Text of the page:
By infide'lity and love of wor'ld,
To make God's w'ork/ a si'necure; a slave
To his own pl'easures and his patron's pri'de :
From suoch-apostles, (oh, ye mitred h’eads,)
Preserve the chu'rch ! and lay not careless ha'nds/
On sku'lls/ that can not teľach, and will not lea'rn.

Would I describe a pre’acher/ su'ch as Pa'ul,
Were he“ on e’arth, would he'ar, appro've, and o`wn-
Paul should himself/ direc't me. I would trace
His master-st'rokes, and draw from hi`s desi'gn.
I would express him sim’ple, gra've, since're ;
In doctrine uncorrupt ; in language plain,
And plasin/ in man'ner ; d'ecent, so'lemn, ch'aste,
And na'tural in ges'ture ; much impressed
Himself, (as co'nscious of his awful cha'rge,)
And an'xious/ mai^nly, that the flock he feed's
May feel it too'; affect'ionate in lo’ok,
And tender in addr'ess, as we'll becomes
A messenger of grace to guilty ma'n.
Behold the pic'ture !- Is it lik'e ?-Like whoʻm ?
The things that mount the rostrum with a skřip,
And then skip dow'n agʻain ; pronounce a te'xt;
C'ry-hem; an'd, (reading/ what they never wroʻte,
Just fifte^en mi'nutes,) hu'ddle up their woʻrk,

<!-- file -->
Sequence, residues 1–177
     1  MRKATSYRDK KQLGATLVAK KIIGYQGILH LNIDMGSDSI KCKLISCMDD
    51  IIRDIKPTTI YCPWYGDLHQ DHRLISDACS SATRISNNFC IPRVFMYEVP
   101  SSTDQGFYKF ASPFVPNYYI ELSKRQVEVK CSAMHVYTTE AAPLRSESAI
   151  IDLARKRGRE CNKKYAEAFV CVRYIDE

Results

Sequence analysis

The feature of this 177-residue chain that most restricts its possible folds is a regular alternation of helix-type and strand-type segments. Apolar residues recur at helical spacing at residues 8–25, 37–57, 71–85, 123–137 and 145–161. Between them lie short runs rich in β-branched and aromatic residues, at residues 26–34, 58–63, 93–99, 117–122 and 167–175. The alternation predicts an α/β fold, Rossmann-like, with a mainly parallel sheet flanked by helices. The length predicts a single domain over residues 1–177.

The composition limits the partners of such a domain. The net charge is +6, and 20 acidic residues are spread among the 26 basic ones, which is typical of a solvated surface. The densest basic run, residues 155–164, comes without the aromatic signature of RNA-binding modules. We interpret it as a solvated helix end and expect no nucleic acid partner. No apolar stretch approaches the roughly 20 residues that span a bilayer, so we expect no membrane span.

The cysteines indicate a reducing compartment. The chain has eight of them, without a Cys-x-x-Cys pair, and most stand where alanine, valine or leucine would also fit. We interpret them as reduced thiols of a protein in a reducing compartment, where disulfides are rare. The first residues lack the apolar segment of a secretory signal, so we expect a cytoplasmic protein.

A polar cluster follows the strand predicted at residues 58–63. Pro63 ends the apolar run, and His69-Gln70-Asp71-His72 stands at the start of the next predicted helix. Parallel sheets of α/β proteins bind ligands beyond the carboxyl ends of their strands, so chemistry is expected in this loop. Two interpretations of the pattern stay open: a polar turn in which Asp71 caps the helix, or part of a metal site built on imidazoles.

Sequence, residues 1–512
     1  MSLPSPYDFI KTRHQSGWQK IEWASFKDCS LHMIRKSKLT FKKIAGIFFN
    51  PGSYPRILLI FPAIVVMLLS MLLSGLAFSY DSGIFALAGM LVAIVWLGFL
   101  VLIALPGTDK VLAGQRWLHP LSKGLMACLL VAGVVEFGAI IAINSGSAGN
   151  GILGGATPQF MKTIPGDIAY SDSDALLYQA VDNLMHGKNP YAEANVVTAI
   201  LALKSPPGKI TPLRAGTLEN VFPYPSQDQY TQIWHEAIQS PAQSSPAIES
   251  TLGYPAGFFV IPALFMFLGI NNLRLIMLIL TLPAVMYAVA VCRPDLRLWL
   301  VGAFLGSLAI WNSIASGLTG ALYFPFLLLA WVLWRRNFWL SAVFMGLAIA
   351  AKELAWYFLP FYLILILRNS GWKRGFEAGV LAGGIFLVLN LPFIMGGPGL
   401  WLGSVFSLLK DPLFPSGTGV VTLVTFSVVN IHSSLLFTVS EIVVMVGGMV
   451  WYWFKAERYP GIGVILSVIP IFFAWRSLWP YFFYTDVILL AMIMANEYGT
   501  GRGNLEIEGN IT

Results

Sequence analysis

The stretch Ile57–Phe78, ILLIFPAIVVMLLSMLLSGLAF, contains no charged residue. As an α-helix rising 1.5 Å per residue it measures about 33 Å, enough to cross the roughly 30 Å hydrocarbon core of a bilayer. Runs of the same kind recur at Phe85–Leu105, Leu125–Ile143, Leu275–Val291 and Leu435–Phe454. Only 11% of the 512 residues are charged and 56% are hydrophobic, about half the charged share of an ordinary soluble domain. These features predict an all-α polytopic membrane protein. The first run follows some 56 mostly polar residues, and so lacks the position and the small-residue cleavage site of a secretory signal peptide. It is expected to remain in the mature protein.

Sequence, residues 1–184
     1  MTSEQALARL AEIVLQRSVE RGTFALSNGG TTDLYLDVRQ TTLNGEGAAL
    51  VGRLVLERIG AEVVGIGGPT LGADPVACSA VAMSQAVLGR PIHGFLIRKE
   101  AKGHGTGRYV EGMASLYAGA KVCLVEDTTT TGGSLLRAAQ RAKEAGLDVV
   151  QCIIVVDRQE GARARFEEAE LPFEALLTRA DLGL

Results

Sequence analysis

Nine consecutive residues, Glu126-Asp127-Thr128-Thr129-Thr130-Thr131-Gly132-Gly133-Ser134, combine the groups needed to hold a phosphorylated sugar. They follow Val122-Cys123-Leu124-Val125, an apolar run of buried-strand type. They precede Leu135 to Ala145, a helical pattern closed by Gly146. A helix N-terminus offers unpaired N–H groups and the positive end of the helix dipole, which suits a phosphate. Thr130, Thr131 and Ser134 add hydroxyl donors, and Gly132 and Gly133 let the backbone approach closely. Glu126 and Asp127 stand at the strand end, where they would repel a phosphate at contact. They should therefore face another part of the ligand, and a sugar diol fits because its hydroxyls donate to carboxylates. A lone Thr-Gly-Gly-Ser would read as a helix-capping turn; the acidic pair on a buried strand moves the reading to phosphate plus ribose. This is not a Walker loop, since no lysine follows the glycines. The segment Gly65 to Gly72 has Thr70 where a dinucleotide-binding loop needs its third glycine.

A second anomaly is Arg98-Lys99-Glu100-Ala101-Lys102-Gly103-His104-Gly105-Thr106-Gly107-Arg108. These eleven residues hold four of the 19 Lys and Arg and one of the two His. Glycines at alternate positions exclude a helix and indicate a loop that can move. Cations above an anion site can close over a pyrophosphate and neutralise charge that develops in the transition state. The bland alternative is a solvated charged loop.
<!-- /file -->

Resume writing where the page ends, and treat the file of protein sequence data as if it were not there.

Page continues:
A'nd/ with a well-bred whi'sper/ close the sce'ne !

In m'an or wo'man, but far most in ma`n,
And/ mo'st of a‘ll/ in man/ that ministers
And serves the altar, in my soʻul/ I loa'the
All affecta'tion. 'Tis my perfect sco'rn;
Object/ of my impla cable disgu'st.
Wha't !-wili a man play tricks, will he indulge
A si'lly/ foʻnd conceit of his fair foʻrm,
And just propo'rtion, fashionable mie'n,
And pretty fa'ce, (in presence of his Good ?)
Or/ will he seek to dazzle me with tropes,
(As with the diamond/ on his lily ha'nd,)
Ànd play his brilliant pa'rts/ before my eyes,
(When I am hu'ngry/ for the bread of life ?)
He mocks his Maker, prostitutes and sha'mes
His n'oble oʻffice, a'nd, instead of truoth,
Displaying his own beauty, staʼrves his flock !

There'fore/ avaunt all atti'tude ; and star'e,